This episode’s prologue rather inefficiently confirmed one truth to us: we’d be perfectly content seeing as little of
Yumekui Merry Asebi Inoue as little as humanly possible. Her overwrought character with the aristocratic background just doesn’t mesh in any way with the rest of the cast. I don’t even get why she’s friends with Shaga. She’s more of a tacked on mascot. We were relieved upon realizing this would be not an Asebi-centric episode, but one that focused on everyone’s favorite stern lesbian class prez, Shiraume Ume. While this episode was another tangent from the normal Bento story, it added richness and intensity to the rather unique triangle between Ume, Hana, and You, in which Ume love Hana, Hana loves You, and You is Ume’s incrementally willing punching bag./
Ume’s seiyu, Ai Kayano, puts on a clinic in this episode, virtually making love to every syllable and breath she utters to Hana in a bedroom scene that’s part in parcel of what seems to be a release valve regimen for Ume and a weird, uncomfortable ordeal for Hana. It’s ironic, because Hana is the dominant one in her imaginary relationship with the literary version of You, but here in real life, the tables are turned, and she is forced to submit to the far more assertive Ume. So why isn’t Ume a bento wolf?
A tabloid reporter with a scoop confronts everyone with all of the truths he knows regarding the Takakuras. Ringo dismisses him, Himari follows Kanba to confirm he’s still in contact with the Kiga group, and meets with Masako, who confirms she’s his biological sister. Unable to let the terrorist money continue to flow, Shoma confronts Kanba, leading to a fight, which Kanba wins, and tells him to stay away. Shoma tells Himari to go live with her uncle, completing the family split. A Kiga member kills Tabuki and Yuri, and with Kanba’s word, also disposes of the meddlesome reporter.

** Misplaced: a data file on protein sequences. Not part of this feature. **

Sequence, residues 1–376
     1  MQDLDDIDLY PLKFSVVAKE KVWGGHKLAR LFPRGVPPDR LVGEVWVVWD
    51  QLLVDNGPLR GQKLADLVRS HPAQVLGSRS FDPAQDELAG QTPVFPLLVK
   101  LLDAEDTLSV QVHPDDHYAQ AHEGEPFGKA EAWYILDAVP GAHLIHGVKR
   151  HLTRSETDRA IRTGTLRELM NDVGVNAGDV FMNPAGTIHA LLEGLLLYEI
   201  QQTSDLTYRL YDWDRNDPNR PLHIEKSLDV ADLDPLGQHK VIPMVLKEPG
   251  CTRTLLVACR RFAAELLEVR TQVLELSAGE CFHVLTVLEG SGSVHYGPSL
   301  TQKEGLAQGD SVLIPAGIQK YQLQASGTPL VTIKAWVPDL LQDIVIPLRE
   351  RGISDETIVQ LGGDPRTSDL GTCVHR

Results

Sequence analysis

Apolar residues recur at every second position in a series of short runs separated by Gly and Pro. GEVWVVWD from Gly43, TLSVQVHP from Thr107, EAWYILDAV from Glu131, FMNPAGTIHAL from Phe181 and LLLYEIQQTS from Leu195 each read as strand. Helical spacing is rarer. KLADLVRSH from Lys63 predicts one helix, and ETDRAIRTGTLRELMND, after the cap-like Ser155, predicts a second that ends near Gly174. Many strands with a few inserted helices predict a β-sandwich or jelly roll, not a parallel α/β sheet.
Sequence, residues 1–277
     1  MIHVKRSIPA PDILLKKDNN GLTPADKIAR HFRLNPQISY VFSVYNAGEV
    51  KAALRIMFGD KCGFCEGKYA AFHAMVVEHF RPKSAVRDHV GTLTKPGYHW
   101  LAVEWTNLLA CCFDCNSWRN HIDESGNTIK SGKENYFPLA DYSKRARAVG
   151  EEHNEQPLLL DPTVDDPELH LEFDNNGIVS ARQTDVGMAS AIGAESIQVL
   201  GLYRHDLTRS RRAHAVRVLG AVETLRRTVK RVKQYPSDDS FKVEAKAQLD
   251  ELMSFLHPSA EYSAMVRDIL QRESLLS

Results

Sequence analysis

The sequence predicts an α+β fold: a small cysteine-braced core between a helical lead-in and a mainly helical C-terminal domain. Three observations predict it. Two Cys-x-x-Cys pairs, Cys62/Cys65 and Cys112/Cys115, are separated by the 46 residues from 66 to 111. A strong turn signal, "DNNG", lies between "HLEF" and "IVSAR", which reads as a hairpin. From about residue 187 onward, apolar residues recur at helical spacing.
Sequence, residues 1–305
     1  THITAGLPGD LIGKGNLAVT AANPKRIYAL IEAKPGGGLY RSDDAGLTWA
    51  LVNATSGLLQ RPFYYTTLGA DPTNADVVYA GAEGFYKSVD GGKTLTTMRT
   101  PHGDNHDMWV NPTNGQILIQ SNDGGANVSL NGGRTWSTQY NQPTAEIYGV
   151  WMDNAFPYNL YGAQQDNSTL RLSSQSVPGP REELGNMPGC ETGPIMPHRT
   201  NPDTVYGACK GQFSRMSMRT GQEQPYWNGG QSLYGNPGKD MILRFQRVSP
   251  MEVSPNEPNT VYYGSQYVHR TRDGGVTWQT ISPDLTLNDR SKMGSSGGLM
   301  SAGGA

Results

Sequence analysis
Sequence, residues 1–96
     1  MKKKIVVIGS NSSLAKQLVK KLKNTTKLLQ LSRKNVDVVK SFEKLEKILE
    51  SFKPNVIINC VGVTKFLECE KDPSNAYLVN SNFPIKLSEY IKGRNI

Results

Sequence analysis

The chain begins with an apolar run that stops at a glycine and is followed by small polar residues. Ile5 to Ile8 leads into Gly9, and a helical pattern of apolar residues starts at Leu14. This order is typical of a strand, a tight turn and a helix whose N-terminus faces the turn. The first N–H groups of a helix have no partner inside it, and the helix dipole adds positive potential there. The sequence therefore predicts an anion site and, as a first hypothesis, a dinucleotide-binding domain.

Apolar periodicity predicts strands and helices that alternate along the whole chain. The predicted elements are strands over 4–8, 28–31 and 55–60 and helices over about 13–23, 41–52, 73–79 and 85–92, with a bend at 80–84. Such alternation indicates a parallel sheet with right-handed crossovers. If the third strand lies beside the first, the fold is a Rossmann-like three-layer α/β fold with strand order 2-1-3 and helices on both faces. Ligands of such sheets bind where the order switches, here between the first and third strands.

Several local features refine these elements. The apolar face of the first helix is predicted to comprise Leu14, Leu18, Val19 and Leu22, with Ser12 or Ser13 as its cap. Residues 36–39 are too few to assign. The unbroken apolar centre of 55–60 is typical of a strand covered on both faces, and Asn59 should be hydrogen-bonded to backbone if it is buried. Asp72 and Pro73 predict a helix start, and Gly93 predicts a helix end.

We’re in full Serious Drama Mode, as all joking around has pretty much ceased, and this series is more than capable of pulling such seriousness off, despite all the hijinx that proceeded it. After Shoma and Himari learned the truth, it really didn’t take long for the improvised young family to disband altogether. Shoma cannot allow dirty money to keep paying for Himari’s treatment – which is becoming less and less effective to the point where she will die soon anyway. But Kanba made sacrifices for Himari long ago, and isn’t giong to let Shoma’s morality get in the way, so poof, their brotherhood charade would seem to be at an end.
That’s right, Kenzen is dead. There’s a decaying skeleton in the now-decrepit restaurant bearing a nametag with his name. On several occasions, we saw the restaurant in good repair, and Kanba conversing with his parents, and yet, from everyone else’s point of view, the place is run-down and…dead. Was it all in Kanba’s head? Considering there are supernatural forces at play – Sanetoshi himself calls himself a “ghost” – anything is possible at this point. Here Kanba is not only taking money, but ordering a hit – making him an accomplice to murder, all in Himari’s name. After everything that’s happened, can the endlessly effed-up Takakuras ever be a family again, or was it all just one long game of “House”?